Peak colors, or the peak time for viewing fall colors, is geographic, and subjective – and up to the whims of Mother Nature. Temperature highs and lows throughout summer, and then the regional accumulation of rainfall (and its effect on the trees) means that it’s a bit unpredictable.
Regarding the subjective part: some people like the tinges of yellow, orange, and red, while some like the big washes of color. Western New York’s array of parks, roadways, and neighborhoods provide great opportunities to experience fall colors on foot or during a car ride.
Following are some suggestions of where to see what our regional trees have been up to, with help from sun and rain.
Chestnut Ridge Park
Designated as the largest park in the Erie County parks system, Chestnut Ridge Park is a gorgeous place to hike or bike, visit a seasonal festival in the casino, or experience fall colors. The sledding hill (its three-story toboggan chute is hard to miss) is a great way to experience the expansive view of thousands of trees. Buffalo and Lake Erie are visible miles away and if it’s an exceptionally clear day, Niagara Falls can be seen on the horizon.
Chestnut Ridge does have a great mix of evergreens and deciduous trees, with an occasional sumac for some ruby red accents. If time allows, plan on hitting one of the roadways or more rugged trails: year-round the park is visited by hundreds of runners, walkers, and nature lovers daily.
There are so many roadways – and beautiful moments – driving along roadways from point A to point B that you will be tempted to pull over to marvel and photograph the views. Route 16 from East Aurora to Holland is an area to be explored for fall color viewing possibilities. And the way from Buffalo to Kissing Bridge in Glenwood is another jaunt worth making.
Whirlpool State Park/Niagara Gorge
Located in Niagara County just north of Niagara Falls (the cataracts and their accompanying NYS Park), Whirlpool State Park has fantastic views down into the gorge, and the gigantic, swirling whirlpool in Niagara River. The patchwork of trees – and their colors – is one of the best swaths of fall colors in the region.
It’s possible to hike down on well-marked trails to the water’s edge, or to enjoy fall colors from the top of the park. Parking is ample and free in a lot near the park’s visitor center that features information about the gorge. There are other fantastic colors to view along other spots on Niagara Scenic Parkway and is called that for a reason. Be prepared to make extra bonus stops.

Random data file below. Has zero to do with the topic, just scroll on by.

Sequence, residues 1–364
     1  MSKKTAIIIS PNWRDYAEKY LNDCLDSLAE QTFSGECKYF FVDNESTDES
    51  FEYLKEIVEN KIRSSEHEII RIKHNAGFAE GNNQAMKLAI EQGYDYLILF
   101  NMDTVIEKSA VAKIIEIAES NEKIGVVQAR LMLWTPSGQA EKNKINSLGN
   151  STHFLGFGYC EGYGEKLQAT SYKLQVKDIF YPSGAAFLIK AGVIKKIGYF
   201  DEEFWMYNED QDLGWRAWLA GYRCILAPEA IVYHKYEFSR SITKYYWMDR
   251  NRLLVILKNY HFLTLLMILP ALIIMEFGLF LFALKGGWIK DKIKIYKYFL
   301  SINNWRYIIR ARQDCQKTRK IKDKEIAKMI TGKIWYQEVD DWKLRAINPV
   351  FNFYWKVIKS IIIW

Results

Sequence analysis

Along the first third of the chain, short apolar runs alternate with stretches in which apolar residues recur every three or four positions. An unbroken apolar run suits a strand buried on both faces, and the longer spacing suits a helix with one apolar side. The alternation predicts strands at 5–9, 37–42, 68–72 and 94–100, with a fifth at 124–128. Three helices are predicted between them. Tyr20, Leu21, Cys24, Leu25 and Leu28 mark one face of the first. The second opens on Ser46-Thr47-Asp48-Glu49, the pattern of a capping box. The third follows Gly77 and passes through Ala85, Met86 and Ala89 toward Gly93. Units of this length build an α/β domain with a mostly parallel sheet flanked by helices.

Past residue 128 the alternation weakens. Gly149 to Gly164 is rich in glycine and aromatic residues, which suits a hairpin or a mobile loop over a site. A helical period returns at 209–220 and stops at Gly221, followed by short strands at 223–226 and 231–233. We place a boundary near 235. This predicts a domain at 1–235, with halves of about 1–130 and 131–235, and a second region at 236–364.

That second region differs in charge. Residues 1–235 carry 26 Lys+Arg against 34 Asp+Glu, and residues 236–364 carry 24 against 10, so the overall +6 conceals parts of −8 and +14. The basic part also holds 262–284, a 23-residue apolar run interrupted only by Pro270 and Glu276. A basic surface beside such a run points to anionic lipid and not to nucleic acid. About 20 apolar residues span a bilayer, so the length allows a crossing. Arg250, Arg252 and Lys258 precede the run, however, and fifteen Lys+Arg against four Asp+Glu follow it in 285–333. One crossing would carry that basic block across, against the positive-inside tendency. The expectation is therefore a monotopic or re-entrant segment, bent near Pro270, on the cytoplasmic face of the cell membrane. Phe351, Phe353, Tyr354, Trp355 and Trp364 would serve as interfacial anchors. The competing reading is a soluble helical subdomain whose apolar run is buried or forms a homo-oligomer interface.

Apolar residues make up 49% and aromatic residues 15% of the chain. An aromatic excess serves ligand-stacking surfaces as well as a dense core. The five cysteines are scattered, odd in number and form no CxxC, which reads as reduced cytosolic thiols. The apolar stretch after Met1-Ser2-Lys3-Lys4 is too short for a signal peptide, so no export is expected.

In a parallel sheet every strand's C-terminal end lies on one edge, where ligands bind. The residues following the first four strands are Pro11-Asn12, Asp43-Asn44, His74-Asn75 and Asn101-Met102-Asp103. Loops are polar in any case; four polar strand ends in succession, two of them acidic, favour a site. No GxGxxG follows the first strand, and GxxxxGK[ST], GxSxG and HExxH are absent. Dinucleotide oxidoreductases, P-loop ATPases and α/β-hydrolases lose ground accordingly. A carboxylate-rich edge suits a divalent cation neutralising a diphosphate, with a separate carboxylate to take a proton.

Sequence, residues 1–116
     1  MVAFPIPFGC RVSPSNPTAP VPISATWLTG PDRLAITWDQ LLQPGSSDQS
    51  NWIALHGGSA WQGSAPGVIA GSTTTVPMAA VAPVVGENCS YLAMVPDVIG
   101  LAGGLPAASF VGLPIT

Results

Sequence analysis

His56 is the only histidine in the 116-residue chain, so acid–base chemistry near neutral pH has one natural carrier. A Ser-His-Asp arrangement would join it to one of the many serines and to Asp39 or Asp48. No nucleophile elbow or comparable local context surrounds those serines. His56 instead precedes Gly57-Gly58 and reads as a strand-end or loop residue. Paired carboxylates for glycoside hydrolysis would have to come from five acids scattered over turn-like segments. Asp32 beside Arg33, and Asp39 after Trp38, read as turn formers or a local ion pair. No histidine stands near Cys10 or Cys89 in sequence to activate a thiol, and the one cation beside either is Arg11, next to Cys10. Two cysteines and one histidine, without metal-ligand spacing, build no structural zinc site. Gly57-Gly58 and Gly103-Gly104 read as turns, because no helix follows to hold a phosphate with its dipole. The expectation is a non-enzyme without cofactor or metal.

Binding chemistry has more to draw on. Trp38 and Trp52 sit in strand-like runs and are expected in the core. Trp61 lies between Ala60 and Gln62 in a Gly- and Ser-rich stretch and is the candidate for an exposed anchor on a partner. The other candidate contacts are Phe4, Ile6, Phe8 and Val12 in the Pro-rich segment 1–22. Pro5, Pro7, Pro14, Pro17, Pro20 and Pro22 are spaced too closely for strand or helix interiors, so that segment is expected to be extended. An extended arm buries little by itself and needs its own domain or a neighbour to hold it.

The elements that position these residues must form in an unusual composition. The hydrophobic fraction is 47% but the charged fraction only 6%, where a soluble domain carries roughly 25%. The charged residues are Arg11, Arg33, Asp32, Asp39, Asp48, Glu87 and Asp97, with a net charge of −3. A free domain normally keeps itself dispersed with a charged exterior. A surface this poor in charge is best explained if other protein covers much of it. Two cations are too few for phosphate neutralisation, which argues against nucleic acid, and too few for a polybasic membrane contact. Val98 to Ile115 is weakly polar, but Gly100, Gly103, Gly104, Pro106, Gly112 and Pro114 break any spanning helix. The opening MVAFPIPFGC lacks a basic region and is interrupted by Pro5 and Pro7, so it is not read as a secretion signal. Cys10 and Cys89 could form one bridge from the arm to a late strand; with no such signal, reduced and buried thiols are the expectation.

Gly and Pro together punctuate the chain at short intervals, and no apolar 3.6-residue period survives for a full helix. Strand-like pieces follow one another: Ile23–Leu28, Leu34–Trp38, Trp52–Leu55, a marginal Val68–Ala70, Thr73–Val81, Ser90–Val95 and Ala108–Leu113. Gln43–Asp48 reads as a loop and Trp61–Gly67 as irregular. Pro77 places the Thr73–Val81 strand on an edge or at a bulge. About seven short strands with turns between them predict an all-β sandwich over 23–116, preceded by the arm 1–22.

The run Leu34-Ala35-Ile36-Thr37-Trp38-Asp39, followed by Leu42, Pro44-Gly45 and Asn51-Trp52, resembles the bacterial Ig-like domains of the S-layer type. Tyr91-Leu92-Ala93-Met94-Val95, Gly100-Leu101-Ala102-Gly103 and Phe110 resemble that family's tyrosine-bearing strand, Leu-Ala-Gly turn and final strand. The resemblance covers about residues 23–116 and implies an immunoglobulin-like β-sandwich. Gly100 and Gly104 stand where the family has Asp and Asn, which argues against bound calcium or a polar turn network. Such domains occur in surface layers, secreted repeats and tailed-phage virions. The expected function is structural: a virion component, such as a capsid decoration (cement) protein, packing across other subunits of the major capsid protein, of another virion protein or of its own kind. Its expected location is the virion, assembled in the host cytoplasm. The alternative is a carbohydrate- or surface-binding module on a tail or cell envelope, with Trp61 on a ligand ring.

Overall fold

Of special note is nearby Three Sisters Island, off Goat Island in Niagara Falls State Park, where there are short and winding paths through colorful old trees. It’s a great mix of woodland and watery beauty.
Upson Park in Lockport, New York is one of several parks that border the Erie Canal; its surprisingly deep hills of forested area and pathway along the water are one of the most scenic areas in the city. Upson draws fishermen who stand on the bank and the park, despite proximity to busy Clinton Street, is a tranquil spot great for viewing fall colors.
There are a few tables for making this fall colors visit a picnic. The locks in Lockport, less than a mile from Upson Park, have more fall colors viewing ops. It should be noted that Lake Effect Artisan Ice Cream is situated near all of the above.
Letchworth State Park
On a recent fall colors viewing visit the colors at Letchworth (in Castile, New York) were just on the cusp of being at their prime. Several RVs were lumbering along the park’s roadways and signs noted that traffic could be congested. Despite the potential traffic notification, there is plenty of space in the park for everyone to have a breathtaking view.
The massive gorge in Letchworth State Park has the meandering Genesee River at the bottom, a few stunning waterfalls, and several lookout points. “Grand Canyon of the East” is the park’s nickname and it truly is one of the most breathtaking views year-round. Fall colors season sends the whole scene into the sparkly visual stratosphere.
It’s possible to hike down steep and uneven trails to water’s edge, but walking along at the top of the hills is also spectacular. Be prepared to spend a full day here. And if hunger hits the historic Glen Iris Inn serves lunch and dinner. Then find another vantage point at a scenic overlook because this is the peak of the peak.